Workers and Canadian History


458 pages
Contains Bibliography, Index
ISBN 0-7735-1355-8
DDC 331'.0971'09




Reviewed by Dave Bennett

David Bennett is the national director of the Department of Workplace Health, Safety and Environment at the Canadian Labour Congress in Ottawa.


Canadian labor history has polarized into two schools: the empiricists
and the historical materialists—or, in more political terms, the
social democrats and the Marxists. The former school claims to have no
theoretical preconceptions and to look only at “the facts,” which
reveal few sociopolitical movements and very little self-conscious
political activism among Canadian workers. The latter has an explicit
theoretical outlook and sees labor history in terms of an evolving class
consciousness. The worst that can be said about both schools is that
their work can degenerate into an arid theoretical debate that clouds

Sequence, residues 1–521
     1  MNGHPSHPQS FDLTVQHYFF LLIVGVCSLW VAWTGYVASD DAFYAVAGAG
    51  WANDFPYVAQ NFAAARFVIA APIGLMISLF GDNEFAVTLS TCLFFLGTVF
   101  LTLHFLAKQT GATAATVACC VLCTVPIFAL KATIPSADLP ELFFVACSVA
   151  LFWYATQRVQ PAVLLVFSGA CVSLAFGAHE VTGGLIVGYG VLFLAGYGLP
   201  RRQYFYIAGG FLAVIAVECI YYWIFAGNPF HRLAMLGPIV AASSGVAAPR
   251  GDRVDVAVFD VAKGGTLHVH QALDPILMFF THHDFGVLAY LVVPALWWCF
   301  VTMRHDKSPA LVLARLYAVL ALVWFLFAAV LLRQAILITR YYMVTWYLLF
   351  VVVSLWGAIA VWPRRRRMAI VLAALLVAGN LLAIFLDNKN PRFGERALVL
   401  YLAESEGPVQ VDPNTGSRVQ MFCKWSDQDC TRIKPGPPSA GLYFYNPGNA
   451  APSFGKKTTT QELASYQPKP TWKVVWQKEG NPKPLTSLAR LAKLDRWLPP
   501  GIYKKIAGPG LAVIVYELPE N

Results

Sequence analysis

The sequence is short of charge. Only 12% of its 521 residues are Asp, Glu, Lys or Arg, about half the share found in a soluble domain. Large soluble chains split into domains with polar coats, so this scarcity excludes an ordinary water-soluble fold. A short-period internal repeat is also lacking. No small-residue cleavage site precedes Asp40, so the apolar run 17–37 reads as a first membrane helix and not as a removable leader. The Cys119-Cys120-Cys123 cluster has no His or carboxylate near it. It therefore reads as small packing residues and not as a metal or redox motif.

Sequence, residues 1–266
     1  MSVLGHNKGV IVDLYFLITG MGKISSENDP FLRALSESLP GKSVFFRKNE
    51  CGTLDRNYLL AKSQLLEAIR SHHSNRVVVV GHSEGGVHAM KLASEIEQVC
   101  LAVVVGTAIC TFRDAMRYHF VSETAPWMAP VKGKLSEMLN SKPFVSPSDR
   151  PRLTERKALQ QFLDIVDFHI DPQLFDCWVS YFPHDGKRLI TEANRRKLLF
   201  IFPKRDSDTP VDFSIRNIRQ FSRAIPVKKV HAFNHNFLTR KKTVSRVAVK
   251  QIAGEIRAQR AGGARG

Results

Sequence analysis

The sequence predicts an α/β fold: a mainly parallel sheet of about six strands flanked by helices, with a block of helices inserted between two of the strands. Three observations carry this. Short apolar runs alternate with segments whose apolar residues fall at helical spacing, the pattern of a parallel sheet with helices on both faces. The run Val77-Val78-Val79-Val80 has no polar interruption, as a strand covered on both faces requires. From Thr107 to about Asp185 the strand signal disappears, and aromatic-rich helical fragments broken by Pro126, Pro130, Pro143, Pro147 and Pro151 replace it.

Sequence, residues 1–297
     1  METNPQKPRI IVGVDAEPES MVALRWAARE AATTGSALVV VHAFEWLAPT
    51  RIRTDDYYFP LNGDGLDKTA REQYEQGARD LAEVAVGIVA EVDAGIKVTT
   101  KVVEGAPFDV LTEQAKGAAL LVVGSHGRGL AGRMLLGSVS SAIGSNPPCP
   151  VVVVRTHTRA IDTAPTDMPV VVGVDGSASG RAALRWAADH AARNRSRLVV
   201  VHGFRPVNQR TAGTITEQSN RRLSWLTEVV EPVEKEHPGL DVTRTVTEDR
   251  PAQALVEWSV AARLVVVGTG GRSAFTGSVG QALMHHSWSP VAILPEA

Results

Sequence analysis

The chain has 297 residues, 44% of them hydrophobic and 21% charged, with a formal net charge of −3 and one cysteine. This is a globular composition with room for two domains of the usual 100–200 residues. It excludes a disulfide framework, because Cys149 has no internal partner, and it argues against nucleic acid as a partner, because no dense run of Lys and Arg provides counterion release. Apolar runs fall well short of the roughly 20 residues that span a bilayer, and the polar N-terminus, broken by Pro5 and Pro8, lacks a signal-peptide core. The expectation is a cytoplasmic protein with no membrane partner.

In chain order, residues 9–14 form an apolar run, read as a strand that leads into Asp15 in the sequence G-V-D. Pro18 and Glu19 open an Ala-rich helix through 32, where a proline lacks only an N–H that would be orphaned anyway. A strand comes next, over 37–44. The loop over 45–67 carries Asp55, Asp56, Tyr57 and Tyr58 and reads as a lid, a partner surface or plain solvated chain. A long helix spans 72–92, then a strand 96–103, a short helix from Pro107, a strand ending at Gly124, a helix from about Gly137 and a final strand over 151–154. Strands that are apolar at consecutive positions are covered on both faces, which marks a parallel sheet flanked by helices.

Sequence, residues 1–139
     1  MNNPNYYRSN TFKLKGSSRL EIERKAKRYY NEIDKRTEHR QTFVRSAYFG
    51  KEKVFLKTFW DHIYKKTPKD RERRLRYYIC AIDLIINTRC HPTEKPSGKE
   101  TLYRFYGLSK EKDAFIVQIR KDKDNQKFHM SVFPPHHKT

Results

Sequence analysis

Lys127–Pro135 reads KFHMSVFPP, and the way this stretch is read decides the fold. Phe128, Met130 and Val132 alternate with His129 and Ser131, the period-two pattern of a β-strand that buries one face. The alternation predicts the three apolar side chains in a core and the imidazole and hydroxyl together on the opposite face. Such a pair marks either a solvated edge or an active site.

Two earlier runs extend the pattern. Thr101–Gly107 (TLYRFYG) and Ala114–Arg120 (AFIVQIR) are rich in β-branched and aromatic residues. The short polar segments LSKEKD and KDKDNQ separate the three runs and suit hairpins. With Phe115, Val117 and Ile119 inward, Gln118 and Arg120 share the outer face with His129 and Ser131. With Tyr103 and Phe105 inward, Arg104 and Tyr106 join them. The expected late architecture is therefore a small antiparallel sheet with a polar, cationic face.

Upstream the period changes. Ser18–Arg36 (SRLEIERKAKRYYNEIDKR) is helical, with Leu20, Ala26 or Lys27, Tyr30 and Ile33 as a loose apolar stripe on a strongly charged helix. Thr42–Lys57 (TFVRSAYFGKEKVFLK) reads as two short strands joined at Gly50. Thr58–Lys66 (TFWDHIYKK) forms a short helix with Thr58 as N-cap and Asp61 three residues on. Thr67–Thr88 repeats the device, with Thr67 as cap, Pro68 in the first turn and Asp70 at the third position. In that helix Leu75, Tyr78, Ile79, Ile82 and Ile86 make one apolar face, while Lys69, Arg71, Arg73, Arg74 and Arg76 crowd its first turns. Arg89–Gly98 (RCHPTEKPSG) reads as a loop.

historical practice—the social democrats failing to recognize
political consciousness among workers when it stares them in the face,
the Marxists discerning historical movements when the record suggests no
such thing.

The theoretical framework of historical enquiry is best expressed in
two long books by the late E.P. Thompson, The Making of the English
Working Class and The Poverty of Theory. Greg Kealey is the leading
exponent of the Marxist–materialist school. This collection of 12
previously published essays (some historical, some theoretical, others
biographical) touches the pulsing nerve of workers’ lives but may
contain too much detail to appeal to the general reader.


Kealey, Gregory S., “Workers and Canadian History,” Canadian Book Review Annual Online, accessed February 29, 2024,